The people had been more than willing to donate their gold so that Aaron could make the golden calf but would they prove generous when it came to all the material needed to build God’s house? And the list was a long and expensive one. Precious metals, rare gems, fine linen, timber, thread, oil, tanned animal skins, and incense were all required for God’s house. Without the building materials in hand, the craftsmen would find it impossible to create the walls, framework, and furniture for God’s house. There would be no bronze altar, ark of the covenant, or mercy seat. The walls that designated the Holy of Holies where the presence of God would rest above the mercy seat could not be built. The entire structure would remain little more than an idea, instead of becoming a tangible reality and the place where God would dwell among His people.

So, Moses reissued God’s call for donations and restated that this was to be a voluntary contribution, given by those “of a generous heart” (Exodus 35:5 ESV). This was not a mandatory tax but was to be considered a freewill offering. God was giving His people an opportunity to participate in His work by donating their time, treasures, and talents. The promise of His presence would require sacrifice on their part. For God’s house to become a reality, they would have to give of themselves, sacrificially surrendering their resources and their lives to the cause. And the people responded.

So the whole community of the Israelites went out from the presence of Moses. Everyone whose heart stirred him to action and everyone whose spirit was willing came and brought the offering for the Lord for the work of the tent of meeting, for all its service, and for the holy garments. – Exodus 35:20-21 NLT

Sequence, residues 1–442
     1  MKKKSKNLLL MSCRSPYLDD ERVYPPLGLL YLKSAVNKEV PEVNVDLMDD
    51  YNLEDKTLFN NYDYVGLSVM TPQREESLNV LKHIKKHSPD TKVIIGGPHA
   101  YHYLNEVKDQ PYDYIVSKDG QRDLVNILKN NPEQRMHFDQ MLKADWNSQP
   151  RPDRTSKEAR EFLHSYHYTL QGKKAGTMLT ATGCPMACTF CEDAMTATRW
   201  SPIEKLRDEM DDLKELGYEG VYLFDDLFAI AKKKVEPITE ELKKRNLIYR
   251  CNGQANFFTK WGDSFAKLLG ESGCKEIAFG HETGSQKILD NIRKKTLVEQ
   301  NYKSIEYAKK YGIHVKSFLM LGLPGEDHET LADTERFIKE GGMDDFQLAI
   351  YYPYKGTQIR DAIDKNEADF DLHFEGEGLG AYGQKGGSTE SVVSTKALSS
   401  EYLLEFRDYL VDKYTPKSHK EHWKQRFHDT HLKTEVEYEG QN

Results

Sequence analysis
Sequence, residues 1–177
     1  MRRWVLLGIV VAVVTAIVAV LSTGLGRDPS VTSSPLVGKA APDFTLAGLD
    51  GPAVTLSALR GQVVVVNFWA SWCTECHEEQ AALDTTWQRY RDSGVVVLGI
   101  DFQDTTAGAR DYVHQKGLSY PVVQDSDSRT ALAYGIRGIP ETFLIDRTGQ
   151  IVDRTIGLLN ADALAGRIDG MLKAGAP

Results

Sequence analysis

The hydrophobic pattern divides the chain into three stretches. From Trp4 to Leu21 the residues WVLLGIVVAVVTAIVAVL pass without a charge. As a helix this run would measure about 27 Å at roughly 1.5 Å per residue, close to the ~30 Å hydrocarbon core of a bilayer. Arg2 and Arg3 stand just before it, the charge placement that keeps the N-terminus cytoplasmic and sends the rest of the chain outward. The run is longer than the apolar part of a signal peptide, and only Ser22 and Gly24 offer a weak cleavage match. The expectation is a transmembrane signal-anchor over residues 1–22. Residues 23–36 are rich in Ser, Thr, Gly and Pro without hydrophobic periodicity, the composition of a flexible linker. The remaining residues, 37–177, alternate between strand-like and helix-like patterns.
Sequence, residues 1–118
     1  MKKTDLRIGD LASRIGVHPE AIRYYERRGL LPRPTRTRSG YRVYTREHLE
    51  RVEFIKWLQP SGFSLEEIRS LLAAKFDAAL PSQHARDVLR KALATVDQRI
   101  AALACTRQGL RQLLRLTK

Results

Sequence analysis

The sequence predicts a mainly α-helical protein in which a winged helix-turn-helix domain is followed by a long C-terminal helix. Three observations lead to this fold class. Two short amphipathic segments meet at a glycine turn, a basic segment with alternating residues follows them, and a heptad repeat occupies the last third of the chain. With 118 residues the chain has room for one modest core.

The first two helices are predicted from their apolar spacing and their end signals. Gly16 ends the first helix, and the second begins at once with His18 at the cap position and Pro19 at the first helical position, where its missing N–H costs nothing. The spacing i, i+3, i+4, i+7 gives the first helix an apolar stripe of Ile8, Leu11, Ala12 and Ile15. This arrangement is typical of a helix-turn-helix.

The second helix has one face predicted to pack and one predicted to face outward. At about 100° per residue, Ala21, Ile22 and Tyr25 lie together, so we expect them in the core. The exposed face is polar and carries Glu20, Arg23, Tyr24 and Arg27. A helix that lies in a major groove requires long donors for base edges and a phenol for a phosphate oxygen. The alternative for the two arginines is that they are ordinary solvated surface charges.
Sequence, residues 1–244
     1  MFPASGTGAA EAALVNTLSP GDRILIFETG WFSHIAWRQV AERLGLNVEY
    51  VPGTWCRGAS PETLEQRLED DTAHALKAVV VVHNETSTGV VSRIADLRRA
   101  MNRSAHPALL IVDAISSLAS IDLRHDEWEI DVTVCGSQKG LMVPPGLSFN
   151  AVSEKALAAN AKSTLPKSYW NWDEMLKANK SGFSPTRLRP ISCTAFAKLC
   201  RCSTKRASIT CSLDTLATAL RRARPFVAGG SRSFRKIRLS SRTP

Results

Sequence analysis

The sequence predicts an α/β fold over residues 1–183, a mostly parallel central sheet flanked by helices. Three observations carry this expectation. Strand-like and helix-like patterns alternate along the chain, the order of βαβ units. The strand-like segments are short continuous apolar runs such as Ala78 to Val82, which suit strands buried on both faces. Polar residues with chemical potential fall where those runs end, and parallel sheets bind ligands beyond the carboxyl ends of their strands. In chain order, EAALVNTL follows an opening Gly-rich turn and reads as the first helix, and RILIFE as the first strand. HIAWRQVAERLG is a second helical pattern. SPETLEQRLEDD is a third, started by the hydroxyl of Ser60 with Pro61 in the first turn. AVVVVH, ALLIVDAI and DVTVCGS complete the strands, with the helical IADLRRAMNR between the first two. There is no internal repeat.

Motivated by the Spirit of God, the people rose to the challenge and contributed all the resources God had requested. Nothing was missing. No items were left out or withheld. And Moses records that this voluntary effort had 100 percent participation.

Everyone who could make a contribution of silver or bronze brought it as the Lord‘s contribution. And every one who possessed acacia wood of any use in the work brought it. – Exodus 35:24 ESV

Everyone gave something, whether wood, gold, silver, fabric, spices, oil, yarn, or talent. The entire Israelite community got involved and engaged.

All the men and women, the people of Israel, whose heart moved them to bring anything for the work that the Lord had commanded by Moses to be done brought it as a freewill offering to the Lord. – Exodus 35:29 ESV

God moved among His people, creating the desire to fulfill His will. This was not a case of coercion or forced generosity. Their hearts were moved to do the right thing. Left to their own devices, the Israelites would have proven to be stingy and stubbornly resistant to God’s request. But He moved their hearts to do the right thing. And this movement of the Spirit of God was a foreshadowing of things to come. Centuries later, God would declare His intention to move in their lives yet again, transforming their sin-hardened hearts so that they might do the right thing.

“And I will give you a new heart, and a new spirit I will put within you. And I will remove the heart of stone from your flesh and give you a heart of flesh. And I will put my Spirit within you, and cause you to walk in my statutes and be careful to obey my rules.” – Ezekiel 36:26-27 NLT

God’s will is always done His way, but He graciously chooses to use people to accomplish His will. To do so, He transforms hardened hearts so that they might respond to His invitation to serve alongside Him in His work. God could have built the Tabernacle Himself, but He chose to give His people a part to play in its construction. Their time, talents, and treasures would be essential ingredients in the making of His earthly dwelling place – for their good and His glory.

English Standard Version (ESV) The Holy Bible, English Standard Version. ESV® Permanent Text Edition® (2016). Copyright © 2001